What To Do When a Loved One Comes Out
Though acceptance of LGBTQ+ people is on the rise around the world, many people still find difficulty coming to grips with reality when a family member comes out. When an individual decides to come out as lesbian, gay, bi, trans, or queer, they might fear that their family will reject their sexual orientation. Instead of questioning their loved one’s sexuality, family members must extend their full support to help them get over emotional upheaval.
Studies have shown that gay and lesbian individuals who do not have a strong family support system are more likely to develop mental health problems. One study found that trans people whose families accept their gender identity are more likely to have high self-esteem.
Here are some ways that therapists in Brooklyn suggest supporting a loved one who has come out as LGBTQ+.
Do Not Be Judgmental
Whatever your religious beliefs, do not let them influence you. If you let religious beliefs guide you, you may inadvertently drive the person away. As a result, your bond with them may weaken with time.
Do not judge them by their sexual preferences. When you do not judge an LGBTQ+ loved one, you show a willingness to accept them as they are. Talk to the individual about how to take your relationship forward.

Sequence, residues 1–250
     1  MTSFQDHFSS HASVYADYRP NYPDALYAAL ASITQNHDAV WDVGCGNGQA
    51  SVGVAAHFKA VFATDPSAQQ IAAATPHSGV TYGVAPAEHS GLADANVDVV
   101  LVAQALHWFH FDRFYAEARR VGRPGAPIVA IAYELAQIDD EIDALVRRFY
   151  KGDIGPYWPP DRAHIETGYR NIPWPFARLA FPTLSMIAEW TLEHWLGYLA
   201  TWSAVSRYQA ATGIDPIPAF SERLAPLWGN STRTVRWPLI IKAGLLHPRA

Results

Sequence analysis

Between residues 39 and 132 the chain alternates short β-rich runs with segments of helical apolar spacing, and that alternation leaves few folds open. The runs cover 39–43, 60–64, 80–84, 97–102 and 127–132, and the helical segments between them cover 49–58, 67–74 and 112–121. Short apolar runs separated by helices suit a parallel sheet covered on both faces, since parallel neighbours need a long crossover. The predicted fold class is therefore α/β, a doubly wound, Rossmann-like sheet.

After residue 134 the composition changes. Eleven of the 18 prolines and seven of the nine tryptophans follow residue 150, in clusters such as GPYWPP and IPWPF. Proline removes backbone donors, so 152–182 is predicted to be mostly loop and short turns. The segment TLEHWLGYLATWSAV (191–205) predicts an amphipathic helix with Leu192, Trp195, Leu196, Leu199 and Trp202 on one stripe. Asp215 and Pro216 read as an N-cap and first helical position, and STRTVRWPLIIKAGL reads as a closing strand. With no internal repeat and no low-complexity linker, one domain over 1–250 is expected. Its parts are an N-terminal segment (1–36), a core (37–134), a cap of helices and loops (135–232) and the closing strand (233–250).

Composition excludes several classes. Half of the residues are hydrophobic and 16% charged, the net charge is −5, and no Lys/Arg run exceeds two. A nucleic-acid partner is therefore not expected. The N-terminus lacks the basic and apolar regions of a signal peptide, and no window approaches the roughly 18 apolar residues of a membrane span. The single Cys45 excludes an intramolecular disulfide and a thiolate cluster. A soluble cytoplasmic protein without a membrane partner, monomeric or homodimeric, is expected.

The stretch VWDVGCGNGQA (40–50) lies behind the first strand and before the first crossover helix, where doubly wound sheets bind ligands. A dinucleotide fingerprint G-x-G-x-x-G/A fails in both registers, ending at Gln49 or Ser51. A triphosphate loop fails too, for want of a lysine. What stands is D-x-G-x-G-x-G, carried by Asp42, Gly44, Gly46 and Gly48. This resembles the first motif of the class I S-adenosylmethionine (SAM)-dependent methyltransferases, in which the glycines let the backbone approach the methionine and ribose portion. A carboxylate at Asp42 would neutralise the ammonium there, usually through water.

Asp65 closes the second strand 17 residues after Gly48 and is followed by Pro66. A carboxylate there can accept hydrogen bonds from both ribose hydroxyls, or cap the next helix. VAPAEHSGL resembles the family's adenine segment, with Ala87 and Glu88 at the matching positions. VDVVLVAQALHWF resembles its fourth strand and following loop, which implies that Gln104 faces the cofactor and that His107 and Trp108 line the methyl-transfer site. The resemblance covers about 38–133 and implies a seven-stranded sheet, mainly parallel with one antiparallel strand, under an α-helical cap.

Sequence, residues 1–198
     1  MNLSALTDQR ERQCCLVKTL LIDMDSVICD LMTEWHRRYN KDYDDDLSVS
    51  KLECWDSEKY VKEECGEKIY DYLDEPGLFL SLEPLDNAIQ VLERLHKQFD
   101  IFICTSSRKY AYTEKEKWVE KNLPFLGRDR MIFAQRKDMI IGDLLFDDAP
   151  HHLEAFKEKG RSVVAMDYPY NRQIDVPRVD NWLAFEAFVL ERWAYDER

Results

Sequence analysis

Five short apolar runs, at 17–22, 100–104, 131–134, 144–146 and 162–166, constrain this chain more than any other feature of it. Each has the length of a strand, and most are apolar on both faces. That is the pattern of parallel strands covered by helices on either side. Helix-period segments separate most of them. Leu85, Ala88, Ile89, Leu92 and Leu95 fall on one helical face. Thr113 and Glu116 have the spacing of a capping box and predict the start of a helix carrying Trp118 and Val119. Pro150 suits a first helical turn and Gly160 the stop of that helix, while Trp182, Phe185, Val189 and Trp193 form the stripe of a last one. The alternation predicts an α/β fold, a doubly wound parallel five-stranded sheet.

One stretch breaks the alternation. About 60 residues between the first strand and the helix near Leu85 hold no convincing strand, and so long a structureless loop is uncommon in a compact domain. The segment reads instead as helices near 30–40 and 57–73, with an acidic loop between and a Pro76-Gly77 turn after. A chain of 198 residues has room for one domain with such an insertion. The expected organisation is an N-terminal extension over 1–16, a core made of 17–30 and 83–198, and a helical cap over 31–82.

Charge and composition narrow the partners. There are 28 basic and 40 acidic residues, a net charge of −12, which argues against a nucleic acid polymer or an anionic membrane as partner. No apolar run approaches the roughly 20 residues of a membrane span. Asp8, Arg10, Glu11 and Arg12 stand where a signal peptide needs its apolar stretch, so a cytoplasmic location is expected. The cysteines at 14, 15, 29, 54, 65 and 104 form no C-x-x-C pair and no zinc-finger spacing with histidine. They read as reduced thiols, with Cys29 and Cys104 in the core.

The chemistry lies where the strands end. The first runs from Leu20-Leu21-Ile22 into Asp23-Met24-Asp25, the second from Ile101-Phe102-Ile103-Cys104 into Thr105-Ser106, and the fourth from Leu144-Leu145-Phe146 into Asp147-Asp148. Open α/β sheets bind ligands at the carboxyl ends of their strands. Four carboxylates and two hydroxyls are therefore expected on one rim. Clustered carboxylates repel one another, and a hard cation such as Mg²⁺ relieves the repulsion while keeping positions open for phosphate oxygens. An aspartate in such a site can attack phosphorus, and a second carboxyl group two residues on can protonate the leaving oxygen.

Do Not Distance Yourself from Them
Coming out as LGBTQ+ can send shockwaves through the individual’s family. Family members may struggle to accept their loved one’s sexual orientation. In many cases, when an LGBTQ+ person comes out, their family members feel anguish and sever ties with them.
Lack of family support can lead to isolation and loneliness, and the person may slip into depression or develop some other mental health problem.
By not distancing an LGBTQ+ loved one, you show that you still care for them. To show the person that they and their relationships matter, including their partner in family celebrations. Call them or pay them a visit periodically.
Listen and Ask Appropriate Questions
Take some time out of your schedule every day to sit down and talk to your loved one. Lending an ear and offering a shoulder to cry on is a great way to show empathy. When the person is talking, show that you are listening. Stay focused and take note of verbal cues. Instead of imposing your opinions or views, help them identify the best solutions to their problems.
Don’t try to rush things. Allow them to share their story in their own time. Be mindful not to cross any lines or invade their personal space. Be respectful and tell them that you are proud of them and that you are glad they finally mustered the courage to come out.
Coming out is a difficult process. Many LGBTQ+ individuals and their family members experience a range of emotions after the individual finally comes out. If you or a loved one experiences emotional meltdowns, Cooper Mental Health Counseling can help. Our certified LGBTQ therapists in Brooklyn use different types of therapies designed to help individuals regain their confidence. To learn more, call (347) 244-7873.